NEW YORK (ETF Expert) -- So you thought that the biggest fallout over higher taxes for the wealthy might be the selling of stock assets. Indeed, investors sitting on monster capital gains in Apple (AAPL) have liquidated scores of shares in the culture-changer company.
Yet, a wide variety of riskier categories have held up nicely, including high-yield corporate bonds, preferred stock, dividend stocks, consumer defensive and consumer cyclical stocks. Any selling in these categories is more attributable to fiscal cliff uncertainty than an actual outcome with higher tax rates for $250,000+ families.
Perhaps ironically, a safer haven area on the risk spectrum has taken a bit of a recent nose-dive. Municipal bond ETFs are experiencing uncharacteristic declines on speculation that U.S. leaders will agree to reduce income tax breaks on muni debt. (Is this what Republicans mean by "closing loopholes?")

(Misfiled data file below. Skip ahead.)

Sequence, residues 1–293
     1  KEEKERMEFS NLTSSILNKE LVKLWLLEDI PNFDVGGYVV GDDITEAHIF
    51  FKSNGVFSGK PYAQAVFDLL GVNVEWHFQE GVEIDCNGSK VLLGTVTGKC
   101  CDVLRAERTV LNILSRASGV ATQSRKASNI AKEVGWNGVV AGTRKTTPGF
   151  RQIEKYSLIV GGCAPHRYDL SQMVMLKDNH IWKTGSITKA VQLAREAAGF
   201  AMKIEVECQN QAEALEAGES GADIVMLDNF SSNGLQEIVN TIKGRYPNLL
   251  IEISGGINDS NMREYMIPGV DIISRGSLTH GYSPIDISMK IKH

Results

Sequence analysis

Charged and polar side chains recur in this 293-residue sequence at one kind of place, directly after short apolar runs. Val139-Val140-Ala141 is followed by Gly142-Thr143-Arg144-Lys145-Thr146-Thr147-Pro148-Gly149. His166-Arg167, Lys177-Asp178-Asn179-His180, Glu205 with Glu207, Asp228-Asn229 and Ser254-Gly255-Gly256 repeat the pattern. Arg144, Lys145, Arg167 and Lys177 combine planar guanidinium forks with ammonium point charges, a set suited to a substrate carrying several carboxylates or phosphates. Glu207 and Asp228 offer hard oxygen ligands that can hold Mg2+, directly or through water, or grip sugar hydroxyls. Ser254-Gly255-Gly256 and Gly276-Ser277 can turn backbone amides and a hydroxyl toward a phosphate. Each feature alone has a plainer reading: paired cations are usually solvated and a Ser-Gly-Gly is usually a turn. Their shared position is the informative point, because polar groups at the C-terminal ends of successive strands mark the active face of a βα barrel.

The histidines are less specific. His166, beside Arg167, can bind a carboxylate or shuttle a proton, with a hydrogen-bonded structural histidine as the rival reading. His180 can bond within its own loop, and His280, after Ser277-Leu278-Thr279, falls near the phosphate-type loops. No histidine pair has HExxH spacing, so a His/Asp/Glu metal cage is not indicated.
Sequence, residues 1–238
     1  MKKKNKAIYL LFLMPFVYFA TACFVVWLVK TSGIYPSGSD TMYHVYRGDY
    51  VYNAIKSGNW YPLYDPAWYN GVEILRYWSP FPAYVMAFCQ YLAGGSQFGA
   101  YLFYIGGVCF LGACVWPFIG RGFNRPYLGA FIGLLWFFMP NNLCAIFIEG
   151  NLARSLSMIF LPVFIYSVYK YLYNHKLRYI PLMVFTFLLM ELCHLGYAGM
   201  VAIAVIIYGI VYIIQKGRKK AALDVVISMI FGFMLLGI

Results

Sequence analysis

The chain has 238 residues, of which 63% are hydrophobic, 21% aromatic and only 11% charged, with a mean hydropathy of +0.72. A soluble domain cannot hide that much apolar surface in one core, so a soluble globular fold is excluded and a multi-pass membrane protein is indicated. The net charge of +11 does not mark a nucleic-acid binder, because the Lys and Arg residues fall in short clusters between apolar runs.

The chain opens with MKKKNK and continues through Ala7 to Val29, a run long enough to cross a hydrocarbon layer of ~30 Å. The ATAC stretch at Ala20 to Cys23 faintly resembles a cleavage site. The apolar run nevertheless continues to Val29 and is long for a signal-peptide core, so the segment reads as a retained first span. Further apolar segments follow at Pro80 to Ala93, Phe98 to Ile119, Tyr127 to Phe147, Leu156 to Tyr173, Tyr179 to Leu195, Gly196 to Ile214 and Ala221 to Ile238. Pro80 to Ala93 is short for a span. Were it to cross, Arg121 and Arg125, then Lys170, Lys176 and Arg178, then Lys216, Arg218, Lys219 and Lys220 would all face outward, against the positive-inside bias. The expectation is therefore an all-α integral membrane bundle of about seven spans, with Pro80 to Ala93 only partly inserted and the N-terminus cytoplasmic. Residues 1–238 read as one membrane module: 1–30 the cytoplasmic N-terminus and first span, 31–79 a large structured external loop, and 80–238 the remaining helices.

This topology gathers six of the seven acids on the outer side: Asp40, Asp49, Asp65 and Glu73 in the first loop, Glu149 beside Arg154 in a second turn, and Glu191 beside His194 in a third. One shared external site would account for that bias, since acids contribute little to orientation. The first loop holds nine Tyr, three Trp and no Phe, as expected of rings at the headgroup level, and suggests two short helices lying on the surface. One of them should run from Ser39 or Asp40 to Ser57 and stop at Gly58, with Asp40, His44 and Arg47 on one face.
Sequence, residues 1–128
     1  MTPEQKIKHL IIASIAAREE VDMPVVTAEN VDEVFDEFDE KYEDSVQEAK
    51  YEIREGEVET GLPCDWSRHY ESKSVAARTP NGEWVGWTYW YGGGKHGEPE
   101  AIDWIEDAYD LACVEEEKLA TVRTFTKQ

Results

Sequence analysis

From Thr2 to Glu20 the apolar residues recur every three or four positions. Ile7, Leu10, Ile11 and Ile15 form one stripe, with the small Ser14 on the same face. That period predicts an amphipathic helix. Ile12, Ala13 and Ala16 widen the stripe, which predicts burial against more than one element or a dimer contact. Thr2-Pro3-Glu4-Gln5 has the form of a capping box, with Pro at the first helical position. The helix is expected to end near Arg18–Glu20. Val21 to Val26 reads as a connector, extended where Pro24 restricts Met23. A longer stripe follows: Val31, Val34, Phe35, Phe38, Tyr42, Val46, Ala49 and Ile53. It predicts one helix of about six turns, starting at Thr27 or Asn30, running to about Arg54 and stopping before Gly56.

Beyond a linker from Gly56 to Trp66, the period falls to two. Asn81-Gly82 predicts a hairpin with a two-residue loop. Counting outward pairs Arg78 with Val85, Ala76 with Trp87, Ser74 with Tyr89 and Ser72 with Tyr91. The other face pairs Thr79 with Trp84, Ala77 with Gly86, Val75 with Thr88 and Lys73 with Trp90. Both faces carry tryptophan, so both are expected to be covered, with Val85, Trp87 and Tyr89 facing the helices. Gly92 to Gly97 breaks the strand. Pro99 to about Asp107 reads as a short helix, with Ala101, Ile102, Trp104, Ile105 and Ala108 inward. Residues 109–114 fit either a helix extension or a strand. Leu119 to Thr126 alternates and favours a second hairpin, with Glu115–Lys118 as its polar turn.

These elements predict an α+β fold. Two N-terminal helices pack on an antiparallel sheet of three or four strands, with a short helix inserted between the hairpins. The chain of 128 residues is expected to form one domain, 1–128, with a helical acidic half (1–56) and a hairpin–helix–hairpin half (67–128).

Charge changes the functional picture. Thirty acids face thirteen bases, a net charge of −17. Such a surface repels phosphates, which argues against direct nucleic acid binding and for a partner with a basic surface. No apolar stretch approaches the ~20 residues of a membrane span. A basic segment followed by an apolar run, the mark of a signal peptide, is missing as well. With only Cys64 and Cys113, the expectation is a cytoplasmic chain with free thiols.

According to John D. McKinnon and Andrew Ackerman of the Wall Street Journal, both political parties consider it reasonable to tax higher-income households on a portion of municipal bond interest. Meredith Whitney's "default-gate" notwithstanding, all muni bond ETF investors are currently suffering the consequences of the proposed changes.For instance, Market Vectors Intermediate Muni (ITM) is down 2.9%, Market Vectors High Yield Muni (HYD) is off 2.9% and PowerShares Insured National Muni (PZA) is 1.8% lower. In addition, SPDR Barclays Muni Bond ETF (TFI) is down 1.5% and iShares S&P National Muni Bond (MUB) is off 1.4%. By comparison the iShares Total Bond Market (AGG) is down only 0.3% Muni Bond ETFs might have continued notching high after 52-week high were it not for the recent news report. For instance, SPDR Nuveen S&P High Yield Muni (HYMB) had been up 8.3% over six months prior to last week and has since given up -2.3%. Keep in mind, part of the muni bond attraction over the last six months can be traced to the expectation that tax rates on capital gains and dividends might rise for the wealthy next year. Some folks clearly shifted assets into tax-exempt municipal bonds. Now, that tax-exempt status is under fire. Will curbing exemptions for muni bond interest on the "wealthy" reduce demand for muni bonds? Will it result in higher borrowing costs for states and municipalities that are already struggling? Quite possibly. My clients still have an allocation to exchange-traded muni vehicles like PowerShares Insured National Muni and iShares S&P National Muni. Both remain above 200-day moving averages. In essence, it is more sensible to let the market trends aid in decision making, rather than speculate on how a budget agreement may or may not affect muni bond ETFs over the longer term. Follow @ETFexpert This article was written by an independent contributor, separate from TheStreet's regular news coverage.
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